Don’t despair. A new field of expertise called polypharmacy is being created to “deal” with this problem. What a joke! As we just saw, there’s no way to comprehend the interaction of even three drugs, let alone the 15-23 drugs that the average senior citizen takes.

The Supporting Cast

There is no question but that the three biggest players in keeping the current system in place and ruthlessly suppressing any dissenting voices are the Medical Establishment, the FDA (and its international equivalents), and the Pharmaceutical Industry. Nevertheless, there are a couple of supporting players worthy of honorable mention.

The Processed Food Industry

Here’s to the people who have brought us refined carbohydrates, massive amounts of sugar and caffeine, hydrogenated oils, petrochemical additives, xenoestrogens, pesticides, irradiated foods, animal growth hormones, and, of course, the omnipresent high-potency antibiotics. And then without batting an eye jumped on the low fat bandwagon (pumping us with transfatty acids in the process), and again without batting an eye the low-carb craze. What next?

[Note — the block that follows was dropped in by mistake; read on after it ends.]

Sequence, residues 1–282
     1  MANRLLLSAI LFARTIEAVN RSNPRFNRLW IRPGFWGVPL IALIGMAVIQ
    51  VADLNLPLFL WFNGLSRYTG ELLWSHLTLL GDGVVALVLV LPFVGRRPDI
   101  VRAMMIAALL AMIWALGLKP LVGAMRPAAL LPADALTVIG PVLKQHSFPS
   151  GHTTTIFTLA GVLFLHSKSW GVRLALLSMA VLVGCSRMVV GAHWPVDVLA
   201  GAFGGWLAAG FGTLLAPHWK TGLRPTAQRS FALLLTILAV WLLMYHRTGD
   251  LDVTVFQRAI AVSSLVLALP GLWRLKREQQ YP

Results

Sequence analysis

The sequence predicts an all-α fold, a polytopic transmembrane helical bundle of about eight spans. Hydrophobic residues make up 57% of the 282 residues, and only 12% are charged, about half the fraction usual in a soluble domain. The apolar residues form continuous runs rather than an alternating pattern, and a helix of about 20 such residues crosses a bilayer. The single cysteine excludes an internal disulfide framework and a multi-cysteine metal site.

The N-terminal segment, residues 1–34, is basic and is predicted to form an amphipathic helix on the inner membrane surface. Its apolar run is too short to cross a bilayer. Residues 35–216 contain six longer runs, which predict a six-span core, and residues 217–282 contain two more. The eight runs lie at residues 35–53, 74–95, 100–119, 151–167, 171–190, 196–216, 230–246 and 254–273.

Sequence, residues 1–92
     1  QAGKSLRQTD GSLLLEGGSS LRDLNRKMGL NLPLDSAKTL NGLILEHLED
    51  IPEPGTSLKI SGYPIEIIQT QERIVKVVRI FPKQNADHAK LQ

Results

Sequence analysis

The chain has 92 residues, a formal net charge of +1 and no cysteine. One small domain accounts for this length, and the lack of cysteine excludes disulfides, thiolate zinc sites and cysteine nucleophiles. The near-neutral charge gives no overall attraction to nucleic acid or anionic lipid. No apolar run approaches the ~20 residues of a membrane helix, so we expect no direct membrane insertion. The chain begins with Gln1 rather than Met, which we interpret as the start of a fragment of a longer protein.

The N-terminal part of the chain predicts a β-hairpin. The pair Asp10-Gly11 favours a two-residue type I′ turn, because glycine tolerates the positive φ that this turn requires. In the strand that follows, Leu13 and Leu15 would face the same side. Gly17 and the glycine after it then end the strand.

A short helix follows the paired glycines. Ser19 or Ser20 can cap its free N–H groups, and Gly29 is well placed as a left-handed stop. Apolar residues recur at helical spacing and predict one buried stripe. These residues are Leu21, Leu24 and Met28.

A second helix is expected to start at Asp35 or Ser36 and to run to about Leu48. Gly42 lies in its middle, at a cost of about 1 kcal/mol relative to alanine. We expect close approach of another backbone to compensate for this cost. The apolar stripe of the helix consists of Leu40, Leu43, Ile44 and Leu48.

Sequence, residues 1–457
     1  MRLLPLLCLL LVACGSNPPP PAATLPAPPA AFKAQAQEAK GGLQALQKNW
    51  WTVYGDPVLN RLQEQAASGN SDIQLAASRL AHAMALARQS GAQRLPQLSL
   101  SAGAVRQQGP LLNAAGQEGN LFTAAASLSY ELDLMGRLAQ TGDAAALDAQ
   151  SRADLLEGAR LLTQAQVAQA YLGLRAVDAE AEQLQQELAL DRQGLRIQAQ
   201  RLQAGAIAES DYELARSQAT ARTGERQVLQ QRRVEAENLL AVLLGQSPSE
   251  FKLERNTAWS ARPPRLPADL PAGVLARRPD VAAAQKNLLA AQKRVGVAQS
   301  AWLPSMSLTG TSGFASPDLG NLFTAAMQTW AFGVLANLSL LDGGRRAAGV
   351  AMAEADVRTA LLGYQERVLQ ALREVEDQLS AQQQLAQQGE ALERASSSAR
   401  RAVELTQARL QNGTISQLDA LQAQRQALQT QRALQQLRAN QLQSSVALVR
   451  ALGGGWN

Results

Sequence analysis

And special praise must go to the US Department of Agriculture, who early in 1998, proposed changing the definition of “organic” to include foods that have been genetically modified, irradiated, injected with antibiotics, and grown with sewage sludge (with its incredibly high levels of toxic metals and waste) as fertilizer. It makes you wonder whose side these guys are on. Then again, on second thought, maybe it doesn’t.


It’s worth mentioning one more time that just because the policies of the Medical Establishment, Governments, and Pharmaceutical giants are bad doesn’t mean that the people involved are bad. As I’ve said repeatedly, when taken on a one-on-one basis, most of the individuals involved are good people trying to do the best job that they can. It’s only in group think (and when hundreds of billions of dollars are on the line), that their better instincts are co-opted.

But enough of that. In the next couple of issues, we’ll turn to what is, for me, a more fun topic – the development of a new product. After playing with it (and using versions that I had created for myself) for years, the people at Baseline Nutritionals® convinced me to release the formula that Kristen and I actually live on. In the next couple of issues I’ll talk about how much you can actually squeeze into a product when all price considerations and marketing considerations are removed – and the only requirement is to create the greatest superfood blend ever.